No hiatus for good governance: Kpop fans are joining the stage for 2022 polls, too

Kristine Joy Patag - Philstar.com
No hiatus for good governance: Kpop fans are joining the stage for 2022 polls, too
This photo was taken during the Kpop World Music Festival at the Mall of Asia Arena on June 9, 2019. Fans of girl group Red Velvet donned banana costumes, a nod to the groups hit song "Power Up."
Philstar.com / Kristine Joy Patag

This is Part 2 of a two-part feature. Read Part 1: In 2022 polls, it will be elections season feat. Kpop and stans calling the public to vote


MANILA, Philippines — For the 2022 polls, thousands of Filipino K-pop multi-stans are making a show of force not to support an idol group’s comeback but to stage a political campaign.

When Vice President Leni Robredo ended her long discernment and announced she is running, a “spark” was ignited in six long-time Kpop fans. On the same day, Kpop Stans 4 Leni was launched.

The group’s debut (Read: First tweet) was a multi-camera view of Robredo announcing her intention to run superimposed with a MAMA fancam of BTS, GOT7 and ITZY standing up to cheer her.

This earned more than 5,000 retweets and 10,000 favorites.

This is just a glimpse into what the thousands-strong Kpop Stans 4 Leni group is preparing to endorse their candidate: A campaign Kpop style.

Achieving that 'Perfect All Kill'

The Facebook group says a bold declaration of “Leni Unnie”—Korean term for younger females to older females—as the president. On Twitter, where trending hashtags are mostly dominated by K-pop related topics, the group says they aim to achieve a Perfect-All-Kill for 2022 presidential elections.

Perfect All Kill (PAK) is an achievement by Kpop acts who simultaneously reach the top spot on real-time, daily and weekly charts.

To do this, Majo* says the group is studying how to “best integrate campaigning and Kpop.”

She explains that not all Korean activities can be used for their goal to campaign for a candidate. Say, fans sending a coffee truck to their idols who are filming will not work for the campaign seasons. The coffee truck would bear the face and name of their idols and would serve drinks to everyone on the crew set.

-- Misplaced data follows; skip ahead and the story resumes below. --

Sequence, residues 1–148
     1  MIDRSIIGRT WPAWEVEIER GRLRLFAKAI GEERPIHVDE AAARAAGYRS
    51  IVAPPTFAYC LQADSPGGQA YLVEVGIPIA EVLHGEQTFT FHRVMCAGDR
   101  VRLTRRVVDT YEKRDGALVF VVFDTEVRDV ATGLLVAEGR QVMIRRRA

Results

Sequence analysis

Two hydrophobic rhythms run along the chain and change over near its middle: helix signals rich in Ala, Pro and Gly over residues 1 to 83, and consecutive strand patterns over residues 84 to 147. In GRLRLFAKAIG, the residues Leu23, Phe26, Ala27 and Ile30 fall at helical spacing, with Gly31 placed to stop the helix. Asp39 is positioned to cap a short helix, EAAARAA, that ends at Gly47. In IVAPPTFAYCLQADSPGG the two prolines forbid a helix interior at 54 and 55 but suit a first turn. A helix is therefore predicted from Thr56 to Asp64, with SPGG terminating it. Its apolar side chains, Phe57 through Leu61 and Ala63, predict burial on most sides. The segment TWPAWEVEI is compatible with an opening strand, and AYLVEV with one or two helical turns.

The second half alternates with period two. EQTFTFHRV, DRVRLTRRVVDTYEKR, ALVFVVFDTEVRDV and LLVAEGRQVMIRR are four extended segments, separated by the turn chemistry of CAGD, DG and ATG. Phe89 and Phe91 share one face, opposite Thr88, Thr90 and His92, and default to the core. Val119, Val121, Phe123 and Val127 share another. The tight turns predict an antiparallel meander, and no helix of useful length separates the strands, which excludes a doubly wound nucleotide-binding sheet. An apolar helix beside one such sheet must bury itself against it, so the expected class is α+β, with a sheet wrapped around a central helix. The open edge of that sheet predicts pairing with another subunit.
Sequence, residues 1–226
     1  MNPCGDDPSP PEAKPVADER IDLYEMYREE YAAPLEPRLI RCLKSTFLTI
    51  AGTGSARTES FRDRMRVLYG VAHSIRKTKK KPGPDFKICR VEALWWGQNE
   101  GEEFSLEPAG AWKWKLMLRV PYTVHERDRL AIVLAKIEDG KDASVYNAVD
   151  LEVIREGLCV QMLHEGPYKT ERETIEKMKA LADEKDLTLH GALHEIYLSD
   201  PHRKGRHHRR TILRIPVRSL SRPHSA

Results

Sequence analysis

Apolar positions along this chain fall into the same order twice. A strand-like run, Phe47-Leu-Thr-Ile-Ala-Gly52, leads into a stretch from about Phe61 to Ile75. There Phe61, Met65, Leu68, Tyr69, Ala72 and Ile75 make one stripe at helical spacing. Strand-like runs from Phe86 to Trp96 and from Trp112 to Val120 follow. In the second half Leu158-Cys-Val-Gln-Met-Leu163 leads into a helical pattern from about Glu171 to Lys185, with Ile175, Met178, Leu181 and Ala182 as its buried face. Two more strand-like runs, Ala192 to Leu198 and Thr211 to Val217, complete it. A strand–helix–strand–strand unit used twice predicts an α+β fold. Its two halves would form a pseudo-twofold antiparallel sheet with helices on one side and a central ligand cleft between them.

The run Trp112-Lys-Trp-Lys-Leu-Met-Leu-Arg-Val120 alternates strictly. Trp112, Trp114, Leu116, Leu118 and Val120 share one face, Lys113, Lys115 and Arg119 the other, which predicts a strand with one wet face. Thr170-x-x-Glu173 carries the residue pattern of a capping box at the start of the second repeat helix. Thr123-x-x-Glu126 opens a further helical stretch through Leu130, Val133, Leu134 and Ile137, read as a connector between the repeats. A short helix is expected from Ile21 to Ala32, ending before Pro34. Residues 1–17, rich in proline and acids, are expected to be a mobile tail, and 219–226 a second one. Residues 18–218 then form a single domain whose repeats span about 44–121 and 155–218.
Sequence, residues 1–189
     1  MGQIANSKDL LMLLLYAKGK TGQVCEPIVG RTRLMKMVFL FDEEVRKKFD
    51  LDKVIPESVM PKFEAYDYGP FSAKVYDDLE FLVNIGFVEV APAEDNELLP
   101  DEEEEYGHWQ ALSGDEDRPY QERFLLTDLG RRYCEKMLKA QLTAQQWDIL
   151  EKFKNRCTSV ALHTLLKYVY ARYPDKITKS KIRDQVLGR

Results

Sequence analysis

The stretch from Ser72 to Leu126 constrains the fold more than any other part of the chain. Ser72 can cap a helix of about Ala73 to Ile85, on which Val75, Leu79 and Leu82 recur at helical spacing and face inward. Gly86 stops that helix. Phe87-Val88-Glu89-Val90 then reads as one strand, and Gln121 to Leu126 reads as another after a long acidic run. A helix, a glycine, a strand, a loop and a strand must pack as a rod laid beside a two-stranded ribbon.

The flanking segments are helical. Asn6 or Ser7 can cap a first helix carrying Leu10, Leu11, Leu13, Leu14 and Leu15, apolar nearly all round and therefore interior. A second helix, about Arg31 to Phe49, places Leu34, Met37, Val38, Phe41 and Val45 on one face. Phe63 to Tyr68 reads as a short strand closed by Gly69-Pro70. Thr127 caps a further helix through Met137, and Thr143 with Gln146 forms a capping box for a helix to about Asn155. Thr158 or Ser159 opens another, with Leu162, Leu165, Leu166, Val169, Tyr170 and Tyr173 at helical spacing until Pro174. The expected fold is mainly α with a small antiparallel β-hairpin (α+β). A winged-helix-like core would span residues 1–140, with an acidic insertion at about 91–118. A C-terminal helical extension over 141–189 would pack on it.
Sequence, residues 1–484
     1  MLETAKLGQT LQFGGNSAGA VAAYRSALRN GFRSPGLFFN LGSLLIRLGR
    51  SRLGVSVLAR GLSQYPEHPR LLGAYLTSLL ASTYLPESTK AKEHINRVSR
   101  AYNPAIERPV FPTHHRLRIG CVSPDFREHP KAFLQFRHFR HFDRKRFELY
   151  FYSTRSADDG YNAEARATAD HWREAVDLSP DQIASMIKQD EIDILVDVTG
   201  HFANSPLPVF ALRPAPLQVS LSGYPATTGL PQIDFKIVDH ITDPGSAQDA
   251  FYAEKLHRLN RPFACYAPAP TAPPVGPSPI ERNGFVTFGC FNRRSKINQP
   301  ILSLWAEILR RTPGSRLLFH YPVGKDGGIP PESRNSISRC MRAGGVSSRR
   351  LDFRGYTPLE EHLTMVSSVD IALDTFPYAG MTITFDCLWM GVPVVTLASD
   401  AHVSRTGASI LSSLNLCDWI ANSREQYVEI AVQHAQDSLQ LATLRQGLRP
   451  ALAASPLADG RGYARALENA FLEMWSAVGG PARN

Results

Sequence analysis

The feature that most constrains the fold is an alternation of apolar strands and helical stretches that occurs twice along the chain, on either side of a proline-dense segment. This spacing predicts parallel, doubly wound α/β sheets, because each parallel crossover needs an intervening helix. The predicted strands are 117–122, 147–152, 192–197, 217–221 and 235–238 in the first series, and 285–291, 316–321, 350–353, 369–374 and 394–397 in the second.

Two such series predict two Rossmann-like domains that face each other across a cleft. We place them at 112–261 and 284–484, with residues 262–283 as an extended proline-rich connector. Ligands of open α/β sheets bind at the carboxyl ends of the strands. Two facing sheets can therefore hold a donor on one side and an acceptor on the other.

“What will that contribute to the elections? We can’t just do that just because it’s Korean or K-pop,” Majo adds, as she stresses: “It has to be aligned also, it is campaigning at the end of the day.”

At this point, with barely a month since Robredo declared her intention to run, the Kpop Stans 4 Leni are still drawing plans on what practices or activities to adopt for their campaign.

Majo says they are looking into conducting cup sleeve events—where the face of the candidate will be put on the cup sleeves—as well as fundraising for merch (Kpop sells a variety of merch from shirts to towels even clothes hanger) and community pantries.

Kpop Stans 4 Leni's main team is composed of students and young professionals who have been part of the workforce for a few years. Majo says their group is operating like a college organization, divided into several teams. She heads the externals. A creative team receives requests, in a dedicated form, for infographics. The turnaround for the materials would be a day or two.

But she explains that these K-pop activities for the campaign are all up in the air as of now. “We can’t throw our ideas right now in one basket. We have to make sure that people are not tired of supporting, so we’re taking time to plan things out,” Majo adds.